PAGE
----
Three scientists yesterday won the Nobel Prize in Chemistry for their work leading to the development of lithium-ion batteries, which have reshaped energy storage and transformed vehicles, mobile phones and many other devices — and reduced reliance on fossil fuels that contribute to global warming.
The prize went to John Goodenough, 97, a German-born engineering professor at the University of Texas; Stanley Whittingham, 77, a British-American chemistry professor at the State University of New York at Binghamton; and Japan’s Akira Yoshino, 71, of Asahi Kasei Corp and Meijo University.
Goodenough is the oldest ever recipient of a Nobel Prize.
The three each had a set of unique breakthroughs that cumulatively laid the foundation for the development of a commercial rechargeable battery.
The Nobel committee said the lithium-ion battery has its roots in the oil crisis in the 1970s, when Whittingham was working to develop methods aimed at leading to fossil fuel-free energy technologies.
“We have gained access to a technical revolution,” said Sara Snogerup Linse, of the Nobel committee for chemistry.
Photo: The University of Texas at Austin via AP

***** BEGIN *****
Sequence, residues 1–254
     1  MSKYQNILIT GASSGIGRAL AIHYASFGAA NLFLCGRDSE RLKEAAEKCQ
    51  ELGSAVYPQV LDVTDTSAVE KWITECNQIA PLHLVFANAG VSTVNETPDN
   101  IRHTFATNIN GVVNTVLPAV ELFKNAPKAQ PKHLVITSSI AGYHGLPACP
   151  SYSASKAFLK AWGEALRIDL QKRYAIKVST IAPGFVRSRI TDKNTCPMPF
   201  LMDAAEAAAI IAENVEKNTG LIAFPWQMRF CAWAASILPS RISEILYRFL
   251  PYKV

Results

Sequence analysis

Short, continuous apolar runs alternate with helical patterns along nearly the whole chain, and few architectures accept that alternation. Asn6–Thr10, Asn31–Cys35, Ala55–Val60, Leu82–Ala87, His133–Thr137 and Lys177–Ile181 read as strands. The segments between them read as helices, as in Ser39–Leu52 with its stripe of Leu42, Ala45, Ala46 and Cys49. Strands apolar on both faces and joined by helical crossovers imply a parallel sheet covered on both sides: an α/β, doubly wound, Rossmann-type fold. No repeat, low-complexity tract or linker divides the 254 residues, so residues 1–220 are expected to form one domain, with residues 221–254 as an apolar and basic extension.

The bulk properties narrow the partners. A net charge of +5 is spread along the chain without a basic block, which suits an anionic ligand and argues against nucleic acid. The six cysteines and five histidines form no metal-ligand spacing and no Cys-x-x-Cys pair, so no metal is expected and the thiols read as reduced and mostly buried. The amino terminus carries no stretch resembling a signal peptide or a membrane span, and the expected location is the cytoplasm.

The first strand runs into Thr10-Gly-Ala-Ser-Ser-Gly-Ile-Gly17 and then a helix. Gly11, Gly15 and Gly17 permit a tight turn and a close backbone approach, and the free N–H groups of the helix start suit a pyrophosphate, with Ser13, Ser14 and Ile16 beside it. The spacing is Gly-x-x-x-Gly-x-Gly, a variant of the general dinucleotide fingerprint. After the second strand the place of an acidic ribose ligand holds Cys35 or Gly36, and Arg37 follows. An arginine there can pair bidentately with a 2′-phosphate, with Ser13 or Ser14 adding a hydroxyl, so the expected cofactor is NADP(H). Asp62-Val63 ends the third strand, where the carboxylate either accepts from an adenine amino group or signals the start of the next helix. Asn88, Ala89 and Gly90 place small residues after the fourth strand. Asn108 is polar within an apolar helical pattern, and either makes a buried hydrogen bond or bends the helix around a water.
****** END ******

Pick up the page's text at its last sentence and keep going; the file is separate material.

“The laureates developed lightweight batteries with high enough potential to be useful in many applications — truly portable electronics: mobile phones, pacemakers, but also long-distance electric cars,” Linse said.
“The ability to store energy from renewable sources — the sun, the wind — opens up for sustainable energy consumption,” she added.
Speaking at a news conference in Tokyo, Yoshino said he thought there might be a long wait before the Nobel committee turned to his specialty — but his turn came sooner than he thought.
Yoshino said he broke the news to his wife.
“I only spoke to her briefly and said: ‘I got it,’ and she ... was so surprised that her knees almost gave way,” he said.
The trio are to share a 9 million kronor (US$905,040) cash award, a gold medal and a diploma that are to be conferred on Dec. 10 in Stockholm.
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